Long before the Revolution, the French women had been reproached for attending public executions, regardless of the delicacy and modesty natural to their sex. This peculiarity in their character was displayed during the Revolution in the most striking manner. The executions daily and hourly increased in number, so far from the fatiguing and satiating either the women or men, seemed only to increase their thirst for blood, and their desire of witnessing these horrible sights. The spectators went from these scenes of carnage to the theaters, which even in the days of the execution of the king and of the queen were not less numerously attended than at other times, there, possibly, to forget their crimes of contemplation amid other diversions.
Such arrests, such imprisonments, such tribunals, and such executions as France exhibited during the Reign of Terror, had never been witnessed in any civilized nation of modern times: neither, also, the undaunted fortitude and the cheerful alacrity with which thousands of every age, rank, and sex met death. It does not appear surprising that military men, magistrates, and courtiers should meet death with fortitude; but it justly excites astonishment, that mere striplings, and even females, some of them quite young girls, some of them newly married women, who had but just begun to enjoy the pleasures of life, should ascend the scaffold with the same tranquil fortitude.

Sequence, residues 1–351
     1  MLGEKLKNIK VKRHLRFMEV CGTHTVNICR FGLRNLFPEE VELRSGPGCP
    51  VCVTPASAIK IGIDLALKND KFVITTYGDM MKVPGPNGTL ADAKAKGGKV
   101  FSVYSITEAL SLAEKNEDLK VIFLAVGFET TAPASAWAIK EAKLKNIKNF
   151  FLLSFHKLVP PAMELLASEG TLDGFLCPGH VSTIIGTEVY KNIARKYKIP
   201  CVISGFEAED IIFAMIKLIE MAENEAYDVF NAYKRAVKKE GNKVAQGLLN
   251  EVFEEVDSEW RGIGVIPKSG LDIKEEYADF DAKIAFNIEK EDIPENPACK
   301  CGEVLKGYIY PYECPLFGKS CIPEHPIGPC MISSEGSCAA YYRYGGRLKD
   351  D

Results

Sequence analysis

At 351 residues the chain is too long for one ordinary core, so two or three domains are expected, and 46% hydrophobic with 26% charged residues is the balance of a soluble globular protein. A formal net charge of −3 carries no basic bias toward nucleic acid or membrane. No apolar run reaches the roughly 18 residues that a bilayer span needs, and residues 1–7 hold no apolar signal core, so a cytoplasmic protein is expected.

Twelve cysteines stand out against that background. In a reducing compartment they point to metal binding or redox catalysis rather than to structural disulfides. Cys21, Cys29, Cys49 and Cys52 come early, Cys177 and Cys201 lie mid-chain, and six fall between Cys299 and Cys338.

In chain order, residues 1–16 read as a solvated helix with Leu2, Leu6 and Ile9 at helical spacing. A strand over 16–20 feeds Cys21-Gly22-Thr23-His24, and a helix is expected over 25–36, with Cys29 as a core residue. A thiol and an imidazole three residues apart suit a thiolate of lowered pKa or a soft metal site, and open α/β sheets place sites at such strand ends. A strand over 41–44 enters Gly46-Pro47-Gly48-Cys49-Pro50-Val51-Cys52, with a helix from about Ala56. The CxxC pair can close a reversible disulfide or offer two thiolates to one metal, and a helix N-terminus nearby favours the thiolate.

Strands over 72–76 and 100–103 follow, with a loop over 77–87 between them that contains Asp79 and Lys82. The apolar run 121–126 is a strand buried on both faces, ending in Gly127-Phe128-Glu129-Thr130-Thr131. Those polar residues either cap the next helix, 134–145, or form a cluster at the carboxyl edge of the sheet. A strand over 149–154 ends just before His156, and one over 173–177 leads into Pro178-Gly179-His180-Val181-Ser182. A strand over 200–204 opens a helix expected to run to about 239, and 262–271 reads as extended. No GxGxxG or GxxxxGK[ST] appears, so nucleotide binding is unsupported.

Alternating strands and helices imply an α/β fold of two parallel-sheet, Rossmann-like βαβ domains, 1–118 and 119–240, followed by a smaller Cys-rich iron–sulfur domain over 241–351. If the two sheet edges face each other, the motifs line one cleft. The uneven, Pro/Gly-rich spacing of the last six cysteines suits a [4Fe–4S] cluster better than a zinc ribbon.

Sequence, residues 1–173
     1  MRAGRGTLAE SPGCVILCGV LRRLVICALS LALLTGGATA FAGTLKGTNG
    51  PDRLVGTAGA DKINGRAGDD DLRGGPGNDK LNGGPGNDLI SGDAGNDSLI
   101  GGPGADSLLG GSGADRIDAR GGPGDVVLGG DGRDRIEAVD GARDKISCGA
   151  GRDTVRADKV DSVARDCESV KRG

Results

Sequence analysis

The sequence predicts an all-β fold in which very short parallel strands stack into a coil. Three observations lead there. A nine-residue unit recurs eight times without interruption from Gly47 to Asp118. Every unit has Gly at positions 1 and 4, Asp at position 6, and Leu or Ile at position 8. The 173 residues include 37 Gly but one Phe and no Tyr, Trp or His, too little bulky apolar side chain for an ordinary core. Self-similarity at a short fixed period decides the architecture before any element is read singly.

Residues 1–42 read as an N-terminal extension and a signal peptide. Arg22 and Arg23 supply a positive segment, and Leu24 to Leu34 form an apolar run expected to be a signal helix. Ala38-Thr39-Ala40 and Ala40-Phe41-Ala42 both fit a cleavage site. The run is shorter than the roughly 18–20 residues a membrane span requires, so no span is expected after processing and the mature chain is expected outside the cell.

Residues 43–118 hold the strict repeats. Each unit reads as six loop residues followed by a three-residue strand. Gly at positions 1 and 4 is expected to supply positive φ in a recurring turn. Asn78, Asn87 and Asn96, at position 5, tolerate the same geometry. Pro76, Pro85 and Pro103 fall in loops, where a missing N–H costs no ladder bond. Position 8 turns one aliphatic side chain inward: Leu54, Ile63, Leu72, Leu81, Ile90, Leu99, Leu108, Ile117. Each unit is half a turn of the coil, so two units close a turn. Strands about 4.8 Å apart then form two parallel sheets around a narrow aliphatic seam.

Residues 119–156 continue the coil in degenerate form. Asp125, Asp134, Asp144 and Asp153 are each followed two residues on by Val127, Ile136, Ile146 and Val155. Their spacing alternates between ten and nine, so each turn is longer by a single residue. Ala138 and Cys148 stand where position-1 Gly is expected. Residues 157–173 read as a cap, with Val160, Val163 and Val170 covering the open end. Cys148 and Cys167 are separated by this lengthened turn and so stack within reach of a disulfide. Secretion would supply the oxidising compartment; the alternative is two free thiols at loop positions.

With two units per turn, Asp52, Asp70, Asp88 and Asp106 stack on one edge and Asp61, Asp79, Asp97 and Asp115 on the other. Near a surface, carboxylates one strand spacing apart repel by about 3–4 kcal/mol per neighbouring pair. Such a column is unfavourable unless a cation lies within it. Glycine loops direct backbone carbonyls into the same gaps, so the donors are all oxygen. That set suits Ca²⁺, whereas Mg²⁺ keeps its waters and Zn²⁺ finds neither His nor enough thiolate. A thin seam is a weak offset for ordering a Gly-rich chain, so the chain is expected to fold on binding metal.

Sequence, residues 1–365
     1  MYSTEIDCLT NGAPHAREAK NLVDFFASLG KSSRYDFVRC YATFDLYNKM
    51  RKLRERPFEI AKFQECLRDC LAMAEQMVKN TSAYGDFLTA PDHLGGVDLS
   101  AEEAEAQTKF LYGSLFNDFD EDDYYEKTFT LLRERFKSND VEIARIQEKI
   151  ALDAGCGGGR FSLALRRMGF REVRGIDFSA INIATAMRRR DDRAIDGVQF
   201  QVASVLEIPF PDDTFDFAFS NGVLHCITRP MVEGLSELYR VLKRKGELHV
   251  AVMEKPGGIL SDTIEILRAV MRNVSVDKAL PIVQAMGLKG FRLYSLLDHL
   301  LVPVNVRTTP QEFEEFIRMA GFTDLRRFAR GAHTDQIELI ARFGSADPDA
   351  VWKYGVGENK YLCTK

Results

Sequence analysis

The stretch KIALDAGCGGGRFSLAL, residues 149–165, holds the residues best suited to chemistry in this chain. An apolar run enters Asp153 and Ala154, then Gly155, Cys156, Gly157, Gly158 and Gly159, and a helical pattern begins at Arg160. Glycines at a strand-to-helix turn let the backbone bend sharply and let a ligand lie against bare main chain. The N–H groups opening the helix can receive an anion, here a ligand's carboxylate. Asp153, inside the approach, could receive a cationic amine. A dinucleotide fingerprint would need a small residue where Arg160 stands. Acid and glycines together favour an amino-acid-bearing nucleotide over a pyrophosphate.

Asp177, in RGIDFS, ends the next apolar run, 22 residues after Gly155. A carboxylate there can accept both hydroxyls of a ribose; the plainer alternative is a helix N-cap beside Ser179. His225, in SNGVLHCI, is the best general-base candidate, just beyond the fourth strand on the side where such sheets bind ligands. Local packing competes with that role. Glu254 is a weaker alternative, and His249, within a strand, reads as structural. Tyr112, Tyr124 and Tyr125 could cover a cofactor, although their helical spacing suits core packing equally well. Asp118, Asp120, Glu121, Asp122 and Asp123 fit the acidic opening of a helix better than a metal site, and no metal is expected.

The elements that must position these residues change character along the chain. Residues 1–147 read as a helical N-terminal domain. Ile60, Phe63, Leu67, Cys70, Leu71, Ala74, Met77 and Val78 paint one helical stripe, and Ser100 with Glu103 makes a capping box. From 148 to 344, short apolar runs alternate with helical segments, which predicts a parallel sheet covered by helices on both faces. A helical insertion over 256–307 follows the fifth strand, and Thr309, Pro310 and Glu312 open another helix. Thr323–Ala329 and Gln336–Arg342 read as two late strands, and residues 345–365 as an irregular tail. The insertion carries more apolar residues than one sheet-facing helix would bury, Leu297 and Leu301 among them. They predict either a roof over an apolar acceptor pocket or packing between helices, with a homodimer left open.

Reference: Woman: Her Position, Influence and Achievement Throughout the Civilized World. Designed and Arranged by William C. King. Published in 1900 by The King-Richardson Co. Copyright 1903 The King-Richardson Co.